Lawmakers pushing concussion awareness
Last updated 3/20/2019 at Noon
A website outlining concussions in lower-impact sports, best practices and research would be created under Senate Bill 5238, which was heard in the Early Learning & K-12 Education Committee.
Prime sponsor, District 36 Sen. Reuven Carlyle (D - Seattle) told a story about a friend who coaches girls youth soccer who pulled him aside to discuss the increase in head injuries in the sport.
This bill is Carlyle’s solution to putting more information into the public sphere and tackling an issue he regrets not approaching earlier, according to his public testimony.
“We have great information, great people, and we are not doing a great job of getting that out there,” Carlyle said.
SB 5238 requires University of Washington and Harborview Medical Center to compile research data and best practices concerning concussions in sports. It also requires the university to maintain a website with concussion-related information and resources. This information would include a set of best practices on topics like concussion recognition, parent teacher and coach information, and information on concussions in non-high impact sports.
The website would be created and maintained in conjunction with Washington Interscholastic Activities Association. The website creation, maintenance, and marketing would cost $98,000 in this first biennium and $77,000 each following biennium, according to the fiscal note.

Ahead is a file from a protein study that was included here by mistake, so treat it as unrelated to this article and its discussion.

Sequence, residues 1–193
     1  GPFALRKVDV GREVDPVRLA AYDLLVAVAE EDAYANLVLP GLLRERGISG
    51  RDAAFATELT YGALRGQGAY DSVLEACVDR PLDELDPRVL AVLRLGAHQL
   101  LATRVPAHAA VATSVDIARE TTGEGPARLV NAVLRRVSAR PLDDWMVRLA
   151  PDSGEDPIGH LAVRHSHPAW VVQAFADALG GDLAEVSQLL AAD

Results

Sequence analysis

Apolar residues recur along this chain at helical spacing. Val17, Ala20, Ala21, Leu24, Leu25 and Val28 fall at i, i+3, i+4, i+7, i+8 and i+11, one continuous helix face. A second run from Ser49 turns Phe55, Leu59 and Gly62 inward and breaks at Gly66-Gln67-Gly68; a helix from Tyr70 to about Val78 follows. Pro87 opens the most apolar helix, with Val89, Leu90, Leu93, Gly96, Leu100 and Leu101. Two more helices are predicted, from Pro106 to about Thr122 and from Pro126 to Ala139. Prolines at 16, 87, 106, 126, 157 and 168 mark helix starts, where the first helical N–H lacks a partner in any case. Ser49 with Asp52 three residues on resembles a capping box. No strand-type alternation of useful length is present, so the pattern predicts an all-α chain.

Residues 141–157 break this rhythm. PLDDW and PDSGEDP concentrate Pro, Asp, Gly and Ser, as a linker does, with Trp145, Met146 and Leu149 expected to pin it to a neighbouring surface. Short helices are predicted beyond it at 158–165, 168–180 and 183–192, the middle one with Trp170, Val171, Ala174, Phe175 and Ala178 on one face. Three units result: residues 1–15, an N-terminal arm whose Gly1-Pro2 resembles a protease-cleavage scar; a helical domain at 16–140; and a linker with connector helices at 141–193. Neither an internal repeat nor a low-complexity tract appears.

Director of Government relations for UW Medicine, Ian Goodhew, testified in support of the bill.
“There’s a long history to this issue in Washington state, one we should be very proud of,” he said.
In 2009, the Legislature passed the Zackery Lystedt Law requiring the approval of a healthcare provider for a young athlete to return to a game.
Lystedt is a Tacoma High School graduate who suffered a traumatic brain injury playing football in 2006.
The Lystedt Law has since been, in some form adopted by the majority of states and focuses on return to play requirements. SB 5238 adds further previsions to this law.
In January 2018, Washington State University quarterback Tyler Hilinski committed suicide.
He was later found to have chronic traumatic encephalopathy, also known as CTE, a brain condition associated with repeated blows to the head.
According to the Concussion Legacy Foundation, players from 147 college football programs have been diagnosed with CTE. A recent study, featured in Time Magazine, found that the earlier onset of symptoms associated with persistent head injuries is associated with the age in which an individual begins playing tackle football.
Studies on CTE are not limited to football, however, fewer studies have been done on other sports.
The bill received support from Seattle Children’s Hospital, Washington State Athletic Trainers Association and Washington Education Association, among others.
Emma Epperly writes for the WNPA Olympia News Bureau